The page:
Imagine one day that your rich friend Becky FaceTimes you from San Francisco to show off her brand-new luxury car. Congrats to Becky! She works hard for a living, and she earned that brand-new whip.
But then, when collecting your next paycheck, you notice Uncle Sam took part of your earnings to pay for Becky's car. To make matters worse, the next time you go to fill up your 15-year-old sedan at the gas station, you notice an extra charge at the pump to help pay for Becky's fuel.
That's not a fair system, but it's what's happening with electric-vehicle subsidies.
Both federal and state governments have generous handouts for electric vehicles. The federal tax credit extends up to $7,500. Throw in state subsidies, and that figure can easily top $10,000.
Furthermore, utilities that stand to benefit from drivers plugging in for fuel are spending tens of millions of dollars on EV charging stations and billing the costs back to all ratepayers. And let's not forget, EV drivers don't pay any gas tax, which is literally highway robbery since the federal gas tax is supposed to pay for the Interstate Highway System.
Who's benefitting from this government-forced benevolence? The people who need help from other taxpayers and ratepayers the least. According to research from the University of California at Berkeley, 90% of the tax credits accrue to America's top income quintile. A May 2019 Congressional Research Service report found that 78% of the tax credit's recipients had an adjusted gross income of $100,000 per year or more.
Nearly half of all EV sales reside in one state: California. Count EV subsidies as another case of concentrating benefits to the elite and dispersing the costs among the rest of Americans.
As currently structured, the federal tax credit applies to the first 200,000 electric vehicles per manufacturer, and then a phase-out of the credit begins. Two automakers, Tesla and GM,
reached that threshold and are in the phase-out stage. Sen. Debbie Stabenow (D-Mich.) is leading the charge to extend a $7,000 tax subsidy for an additional 400,000 vehicles per manufacturer. Other policymakers want to lift the cap altogether and extend the tax credit permanently. Some iteration could wind up in a larger tax-extenders package.
The set-up of the per-manufacturer cap reflects an "infant industry" justification: to help a new technology with some taxpayer-funded training wheels, then let it ride on its own. Increasing or lifting the cap delegitimizes the original intent of the tax credit. Even so, the infant industry argument is bogus in the first place. As economist Milton Friedman said, "The so-called infants never grow up" because companies become dependent on the preferential treatment from Washington. Alleged temporary credits instead become permanent fixtures in the tax code.
In addition, the market already provides plenty of economic opportunity for alternative fuel technologies. Collectively, Americans spend more than $300 billion per year on gas. Globally, both the electricity and the transportation-fuels markets are multitrillion-dollar markets. That's more than enough incentive for an infant industry to turn into a giant (and quite quickly!) if they have a good product.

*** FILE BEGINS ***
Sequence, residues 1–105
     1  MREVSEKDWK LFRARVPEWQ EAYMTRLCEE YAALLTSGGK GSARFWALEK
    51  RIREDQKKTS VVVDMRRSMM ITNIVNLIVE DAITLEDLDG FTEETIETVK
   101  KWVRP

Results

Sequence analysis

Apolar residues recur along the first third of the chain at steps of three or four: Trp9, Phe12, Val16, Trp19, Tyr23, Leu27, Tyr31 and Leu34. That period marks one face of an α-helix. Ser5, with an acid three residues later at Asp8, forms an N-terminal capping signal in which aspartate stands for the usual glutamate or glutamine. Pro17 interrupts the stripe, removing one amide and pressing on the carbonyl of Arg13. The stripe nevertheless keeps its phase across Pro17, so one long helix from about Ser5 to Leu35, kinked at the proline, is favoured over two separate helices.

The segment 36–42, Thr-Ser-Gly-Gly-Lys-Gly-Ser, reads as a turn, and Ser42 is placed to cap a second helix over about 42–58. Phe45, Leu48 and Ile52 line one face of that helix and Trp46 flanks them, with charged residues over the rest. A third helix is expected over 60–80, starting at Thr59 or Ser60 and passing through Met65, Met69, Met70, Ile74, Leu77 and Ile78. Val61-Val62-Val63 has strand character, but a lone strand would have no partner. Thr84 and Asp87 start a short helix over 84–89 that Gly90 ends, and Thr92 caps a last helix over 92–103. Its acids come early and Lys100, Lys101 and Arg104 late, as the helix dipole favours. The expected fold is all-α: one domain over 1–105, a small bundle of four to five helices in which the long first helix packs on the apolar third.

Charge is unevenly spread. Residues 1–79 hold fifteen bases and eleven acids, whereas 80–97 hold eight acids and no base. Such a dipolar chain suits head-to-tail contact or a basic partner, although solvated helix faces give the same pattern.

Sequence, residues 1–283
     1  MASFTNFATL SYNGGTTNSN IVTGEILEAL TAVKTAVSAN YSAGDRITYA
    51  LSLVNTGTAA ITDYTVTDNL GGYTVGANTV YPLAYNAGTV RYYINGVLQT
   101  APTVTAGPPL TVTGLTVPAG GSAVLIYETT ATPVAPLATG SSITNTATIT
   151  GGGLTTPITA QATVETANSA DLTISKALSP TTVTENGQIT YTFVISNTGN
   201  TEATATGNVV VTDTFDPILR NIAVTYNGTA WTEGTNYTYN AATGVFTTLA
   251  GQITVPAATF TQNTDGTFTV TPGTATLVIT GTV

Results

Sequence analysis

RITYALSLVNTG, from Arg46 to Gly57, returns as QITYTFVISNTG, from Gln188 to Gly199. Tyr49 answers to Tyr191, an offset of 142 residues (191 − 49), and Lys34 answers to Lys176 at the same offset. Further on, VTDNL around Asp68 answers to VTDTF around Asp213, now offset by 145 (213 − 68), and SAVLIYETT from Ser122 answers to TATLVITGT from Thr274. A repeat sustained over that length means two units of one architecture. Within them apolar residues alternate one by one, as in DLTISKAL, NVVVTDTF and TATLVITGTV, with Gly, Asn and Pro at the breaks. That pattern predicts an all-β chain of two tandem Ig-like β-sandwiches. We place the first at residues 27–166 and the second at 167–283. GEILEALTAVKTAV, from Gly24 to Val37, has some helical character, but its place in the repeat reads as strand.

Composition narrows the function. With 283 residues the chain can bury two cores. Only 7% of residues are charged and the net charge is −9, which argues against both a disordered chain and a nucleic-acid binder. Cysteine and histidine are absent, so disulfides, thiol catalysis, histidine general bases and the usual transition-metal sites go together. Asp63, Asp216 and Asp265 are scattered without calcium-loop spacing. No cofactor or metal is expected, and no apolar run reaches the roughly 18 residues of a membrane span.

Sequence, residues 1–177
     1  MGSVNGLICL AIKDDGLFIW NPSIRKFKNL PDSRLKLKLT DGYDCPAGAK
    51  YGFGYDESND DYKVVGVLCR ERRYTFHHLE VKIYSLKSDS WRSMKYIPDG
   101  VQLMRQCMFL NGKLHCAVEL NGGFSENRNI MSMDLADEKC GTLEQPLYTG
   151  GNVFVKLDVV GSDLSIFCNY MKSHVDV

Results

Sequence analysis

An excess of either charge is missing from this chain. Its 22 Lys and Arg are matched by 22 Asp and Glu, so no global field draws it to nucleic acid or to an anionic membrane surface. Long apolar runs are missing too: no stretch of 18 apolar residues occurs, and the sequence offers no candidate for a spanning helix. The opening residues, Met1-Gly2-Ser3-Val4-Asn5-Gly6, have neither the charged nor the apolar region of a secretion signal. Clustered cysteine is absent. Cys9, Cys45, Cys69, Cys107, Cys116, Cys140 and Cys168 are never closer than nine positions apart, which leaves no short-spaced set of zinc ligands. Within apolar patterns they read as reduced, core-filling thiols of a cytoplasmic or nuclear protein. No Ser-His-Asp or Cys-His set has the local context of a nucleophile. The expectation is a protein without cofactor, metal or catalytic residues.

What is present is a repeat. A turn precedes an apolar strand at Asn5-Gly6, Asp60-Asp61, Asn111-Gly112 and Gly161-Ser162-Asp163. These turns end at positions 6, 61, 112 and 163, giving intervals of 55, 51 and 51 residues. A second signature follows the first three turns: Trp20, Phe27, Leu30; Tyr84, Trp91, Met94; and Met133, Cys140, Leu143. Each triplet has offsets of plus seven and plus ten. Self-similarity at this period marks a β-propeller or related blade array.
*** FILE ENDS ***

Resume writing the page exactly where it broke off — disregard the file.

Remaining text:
Any extension of the EV tax credit would be terrible for most American families. The extension would be massively expensive. The Stabenow extension alone could cost taxpayers as much as $16 billion over the next 10 years, according to a recent study by Ernst & Young.
And the direct cost is just a small part of the overall economic harm. Extending the tax credit would continue to take decision rights away from car buyers and perpetuate the federal government's authority to nudge consumers to use the technology or fuel source of its choice. Each time the government presses its thumbs on the scales of production and consumption, it disempowers car-buyers and obstructs innovation.
Besides, having captive ratepayers cover the costs of recharging infrastructure through higher electricity bills for all ratepayers makes no sense. Some states are requiring utilities to put forth plans to do so. Proponents of such spending initiatives argue that consumers won't buy EVs if they have no place to re-charge them, thus creating a chicken-and-egg problem.
But economically viable technologies overcome the chicken-and-egg problem all the time. Consumers wouldn't buy cell phones if there were no cell-phone towers. Cell phones used to be a luxury item 20 years ago, and now more than 5 billion people own them. The same can happen with EVs and charging stations if automakers produce cars people want to buy without help from Washington.
Polling consistently shows that EV subsidies are wildly unpopular, and the overwhelming majority of Americans don't even want to give a nickel to pay for someone else's car purchase. Extending the tax credit and increasing the cap would be an economic and political loser. Congress should pump the brakes on this cronyist handout that benefits the elite.
This piece originally appeared in Chicago Tribune